The Top Things Every Programmer and Software Engineer Should Know

There are many reasons to become a software programmer or engineer. For one, it’s creative–programmers can take an idea and turn it into a tangible asset with real value.

Secondly, you’re always learning something new, evolving your skills to keep pace with innovation. And of course, being a software engineer or programmer comes with some universal perks: great pay and opportunities to work remotely.

We’ve been in the software development business for over a decade, working with companies in just about every sector on hundreds of projects. Through the years, we’ve worked through countless challenges–both technical and cultural–and learned lessons that can’t be taught in a classroom.

Below, we’ll look at the top ten things we believe every software engineer should know.

Every Software Engineer Needs to Know These 10 Things

1. Understand Your Customer’s Business

The first item on this list applies to any business: know your customer. You can’t design and deploy great software without understanding its purpose, use case, or end-user.

“If you don’t know the WHAT, you can’t decide the HOW”.

Understanding how your customer’s business operates and what they hope to achieve means you’ll start the project with better requirements, design, and a framework for implementation and testing. In turn, it enables you to create business value.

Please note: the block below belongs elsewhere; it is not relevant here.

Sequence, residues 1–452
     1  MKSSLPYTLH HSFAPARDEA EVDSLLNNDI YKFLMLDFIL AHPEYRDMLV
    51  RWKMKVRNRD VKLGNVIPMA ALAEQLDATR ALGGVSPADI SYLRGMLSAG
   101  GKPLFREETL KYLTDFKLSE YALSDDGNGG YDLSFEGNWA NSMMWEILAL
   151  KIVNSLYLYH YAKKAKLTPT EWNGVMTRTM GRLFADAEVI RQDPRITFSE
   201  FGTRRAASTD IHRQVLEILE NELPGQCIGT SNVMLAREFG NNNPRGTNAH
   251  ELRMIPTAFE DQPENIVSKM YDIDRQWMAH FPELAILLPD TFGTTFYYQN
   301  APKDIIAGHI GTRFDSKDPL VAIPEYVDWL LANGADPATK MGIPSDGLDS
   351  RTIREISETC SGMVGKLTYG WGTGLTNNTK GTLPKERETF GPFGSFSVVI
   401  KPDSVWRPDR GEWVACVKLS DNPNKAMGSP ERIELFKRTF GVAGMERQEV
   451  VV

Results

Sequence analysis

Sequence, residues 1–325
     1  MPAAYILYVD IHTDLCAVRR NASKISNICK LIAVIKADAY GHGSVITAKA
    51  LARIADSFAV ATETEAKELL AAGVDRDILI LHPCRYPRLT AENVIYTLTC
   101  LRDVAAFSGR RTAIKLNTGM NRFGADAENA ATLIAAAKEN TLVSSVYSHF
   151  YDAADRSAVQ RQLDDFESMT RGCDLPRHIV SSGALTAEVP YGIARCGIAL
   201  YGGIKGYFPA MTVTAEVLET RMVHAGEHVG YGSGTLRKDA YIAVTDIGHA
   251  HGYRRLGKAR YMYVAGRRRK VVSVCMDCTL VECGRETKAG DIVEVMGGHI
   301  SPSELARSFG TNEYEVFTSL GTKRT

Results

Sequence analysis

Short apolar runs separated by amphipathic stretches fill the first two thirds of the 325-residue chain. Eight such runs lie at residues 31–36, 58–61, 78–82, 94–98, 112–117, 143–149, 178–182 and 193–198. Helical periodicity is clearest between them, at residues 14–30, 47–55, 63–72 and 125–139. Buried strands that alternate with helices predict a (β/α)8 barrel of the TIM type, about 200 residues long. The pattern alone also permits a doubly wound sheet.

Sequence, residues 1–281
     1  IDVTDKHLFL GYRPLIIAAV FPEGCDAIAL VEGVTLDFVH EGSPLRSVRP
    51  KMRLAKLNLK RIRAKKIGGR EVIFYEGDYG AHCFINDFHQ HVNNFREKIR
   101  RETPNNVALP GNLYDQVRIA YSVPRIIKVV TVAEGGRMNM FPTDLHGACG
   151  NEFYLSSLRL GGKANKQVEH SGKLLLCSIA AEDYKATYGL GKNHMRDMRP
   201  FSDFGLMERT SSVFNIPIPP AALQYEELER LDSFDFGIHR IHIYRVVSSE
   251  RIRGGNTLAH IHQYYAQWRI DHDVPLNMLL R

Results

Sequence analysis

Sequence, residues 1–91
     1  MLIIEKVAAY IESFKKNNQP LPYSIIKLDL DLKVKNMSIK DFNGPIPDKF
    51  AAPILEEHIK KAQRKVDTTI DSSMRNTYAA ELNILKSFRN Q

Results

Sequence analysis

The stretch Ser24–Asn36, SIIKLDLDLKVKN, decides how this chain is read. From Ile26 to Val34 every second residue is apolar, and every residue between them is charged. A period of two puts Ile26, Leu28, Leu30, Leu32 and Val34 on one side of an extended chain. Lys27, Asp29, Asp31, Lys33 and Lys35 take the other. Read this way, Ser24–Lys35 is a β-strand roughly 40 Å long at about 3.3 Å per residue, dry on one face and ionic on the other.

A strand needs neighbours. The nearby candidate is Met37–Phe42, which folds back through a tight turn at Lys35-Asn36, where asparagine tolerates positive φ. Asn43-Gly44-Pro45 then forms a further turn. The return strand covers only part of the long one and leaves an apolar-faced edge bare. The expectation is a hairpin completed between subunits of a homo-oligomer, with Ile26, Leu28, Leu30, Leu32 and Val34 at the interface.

2. Communication

Communication processes can make or break the success of any development effort.

A software engineer isn’t responsible for the entire project. Each team member has their own set of tasks, making communication essential for delivering a cohesive final product.

Even if you receive a minor change request in an informal discussion, it is still advisable to put these changes through official channels to inform everybody about these changes and document them for future use.

Among the key things every software engineer should know is it pays to fine-tune your people skills. We recommend learning to set clear expectations and get comfortable with honest, upfront conversations to ensure projects are heading in the right direction.

3. Programming Languages and Scripting

Programming and scripting languages seem like things every software engineer should know.
It’s basic common sense, but the importance of this can’t be stressed enough.

As a programmer or software engineer, you must have familiarity with programming languages. Often, experience with a single programming language won’t get you very far.

If you want to open the door to better opportunities, develop expertise in multiple coding languages (Java, Python, C++, JavaScript, etc.)



4. Databases

Databases provide a way to store, access, manage, and structure data. There are many databases such as Oracle, MySQL, SQL Server, PostgreSQL, just to name a few.

You should have familiarity with databases and know-how to manipulate data and write multiple queries to retrieve the data your application needs.

5. Cloud Computing

Cloud computing has become standard for businesses of all shapes and sizes. That means it’s now a basic competency for any software engineer or programmer.

In recent years, organizations were moving their systems to the cloud in large numbers, due to its many advantages, including:

  • Increased security.
  • Reduced cost.
  • Improved scalability.
  • Ease of deployment.
  • Improved flexibility.

6. Source Control

Source control is another concept every programmer should know. The term refers to the practice of tracking and managing code changes.